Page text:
Moreover, the Court is not persuaded by Defendants' position that a three-week delay in filing suit challenging the Emergency Regulation and seeking a Temporary Restraining Order negates the irreparable harm. While it is recognized that a plaintiff's delay in seeking a temporary restraining order may indicate the absence of an immediate threat, the delay must be months or years, not merely weeks. See Nickerson-Malpher v. Baldacci, 560 F.Supp.2d 72 (D. Me. 2008) (finding no irreparable harm for alleged unlawful seizure of plaintiff's property where seizure occurred over one and one-half years prior to the motion for temporary restraining order); RCM Technologies, Inc. v. Beacon Hill Staffing Group, LLC, 502 F.Supp.2d 70, 74 (D.D.C. 2007) (finding no irreparable harm for alleged violation of non-competition agreement where plaintiff waited twelve months to seek a temporary restraining order). Accordingly, this Court finds that Plaintiffs have succeeded in showing irreparable harm.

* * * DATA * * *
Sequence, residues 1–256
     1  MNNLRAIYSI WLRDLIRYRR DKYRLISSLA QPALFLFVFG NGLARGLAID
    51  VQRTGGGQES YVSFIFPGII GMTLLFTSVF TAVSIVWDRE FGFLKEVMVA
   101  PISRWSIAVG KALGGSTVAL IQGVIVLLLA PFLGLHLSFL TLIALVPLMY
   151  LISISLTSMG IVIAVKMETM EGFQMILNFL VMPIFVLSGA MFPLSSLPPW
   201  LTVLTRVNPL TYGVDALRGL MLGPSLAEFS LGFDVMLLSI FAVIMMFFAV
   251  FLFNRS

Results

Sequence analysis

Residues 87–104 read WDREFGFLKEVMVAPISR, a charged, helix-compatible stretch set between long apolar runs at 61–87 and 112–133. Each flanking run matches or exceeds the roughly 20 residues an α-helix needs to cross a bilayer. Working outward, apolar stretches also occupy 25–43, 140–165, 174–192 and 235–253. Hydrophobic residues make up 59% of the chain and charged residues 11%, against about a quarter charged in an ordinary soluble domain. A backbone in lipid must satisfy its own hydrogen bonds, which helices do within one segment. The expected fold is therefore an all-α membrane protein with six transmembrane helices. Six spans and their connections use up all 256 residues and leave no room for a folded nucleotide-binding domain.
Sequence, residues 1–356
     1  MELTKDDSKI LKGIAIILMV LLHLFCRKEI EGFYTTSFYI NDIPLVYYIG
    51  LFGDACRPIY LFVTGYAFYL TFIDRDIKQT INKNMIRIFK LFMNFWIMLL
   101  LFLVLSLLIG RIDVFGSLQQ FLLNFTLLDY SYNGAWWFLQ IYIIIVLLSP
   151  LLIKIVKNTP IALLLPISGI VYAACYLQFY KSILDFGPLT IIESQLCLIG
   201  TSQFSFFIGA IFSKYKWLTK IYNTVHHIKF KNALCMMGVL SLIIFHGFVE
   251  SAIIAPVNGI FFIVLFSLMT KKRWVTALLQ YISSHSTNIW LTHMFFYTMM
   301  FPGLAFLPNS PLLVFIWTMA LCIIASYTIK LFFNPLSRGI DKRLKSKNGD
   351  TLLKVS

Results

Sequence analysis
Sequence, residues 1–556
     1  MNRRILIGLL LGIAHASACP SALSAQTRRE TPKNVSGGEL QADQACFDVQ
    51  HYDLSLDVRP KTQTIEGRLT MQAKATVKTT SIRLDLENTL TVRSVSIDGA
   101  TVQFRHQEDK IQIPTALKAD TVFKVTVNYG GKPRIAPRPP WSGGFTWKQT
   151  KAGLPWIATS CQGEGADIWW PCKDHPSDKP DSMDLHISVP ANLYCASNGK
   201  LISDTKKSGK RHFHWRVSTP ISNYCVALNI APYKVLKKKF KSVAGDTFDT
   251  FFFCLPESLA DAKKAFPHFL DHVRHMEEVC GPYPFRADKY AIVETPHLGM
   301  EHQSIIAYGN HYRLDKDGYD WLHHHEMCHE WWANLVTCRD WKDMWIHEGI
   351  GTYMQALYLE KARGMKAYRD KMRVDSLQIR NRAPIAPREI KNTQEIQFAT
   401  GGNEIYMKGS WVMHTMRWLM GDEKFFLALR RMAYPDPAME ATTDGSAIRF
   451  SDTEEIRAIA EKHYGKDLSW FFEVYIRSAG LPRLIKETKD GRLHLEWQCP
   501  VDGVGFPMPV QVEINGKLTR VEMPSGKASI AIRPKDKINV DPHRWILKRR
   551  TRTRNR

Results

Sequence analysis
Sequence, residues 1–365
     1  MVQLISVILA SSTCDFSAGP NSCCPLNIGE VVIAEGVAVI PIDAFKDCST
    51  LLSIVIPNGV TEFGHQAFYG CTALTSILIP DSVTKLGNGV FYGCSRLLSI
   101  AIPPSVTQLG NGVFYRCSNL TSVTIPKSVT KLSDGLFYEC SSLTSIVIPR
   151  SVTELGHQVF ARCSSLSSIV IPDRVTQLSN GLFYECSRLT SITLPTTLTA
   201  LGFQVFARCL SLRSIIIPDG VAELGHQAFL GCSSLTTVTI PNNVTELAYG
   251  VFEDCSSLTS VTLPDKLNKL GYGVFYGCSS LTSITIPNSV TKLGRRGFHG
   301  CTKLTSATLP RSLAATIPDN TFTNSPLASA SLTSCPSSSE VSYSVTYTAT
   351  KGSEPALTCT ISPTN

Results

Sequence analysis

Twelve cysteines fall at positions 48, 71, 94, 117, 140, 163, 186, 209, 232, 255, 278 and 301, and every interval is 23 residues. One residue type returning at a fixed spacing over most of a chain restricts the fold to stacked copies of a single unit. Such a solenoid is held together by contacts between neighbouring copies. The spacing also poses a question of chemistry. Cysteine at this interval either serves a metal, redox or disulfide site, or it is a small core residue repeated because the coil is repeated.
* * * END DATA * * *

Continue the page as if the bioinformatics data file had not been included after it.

B. Status Quo

         The next factor is whether the issuance of injunctive relief will preserve the parties' respective positions pending a final resolution.

'"[T]he office of a preliminary injunction is not ordinarily to achieve a final and formal determination of the rights of the parties or of the merits of the controversy, but is merely to hold matters approximately in status quo, and in the meantime to prevent the doing of any acts whereby the rights in question may be irreparably injured or endangered."' Fund for Community Progress, 695 A.2d at 521 (quoting Coolbeth v. Berberian, 112 R.I. 558, 564, 313 A.2d 656, 659 (1974)).

         Our Supreme Court has recognized that the "status quo is the last peaceable status prior to the controversy." E.M.B. Associates, Inc. v. Sugarman, 118 R.I. 105, 108, 372 A.2d 508, 509 (1977). Here, the status quo would be allowing sales of flavored vaping products because that was the condition that existed prior to the enactment of the Emergency Regulations and the initiation of the instant dispute. As such, this Court finds that issuance of a Temporary Restraining Order would preserve the status quo.

         C. Balancing ...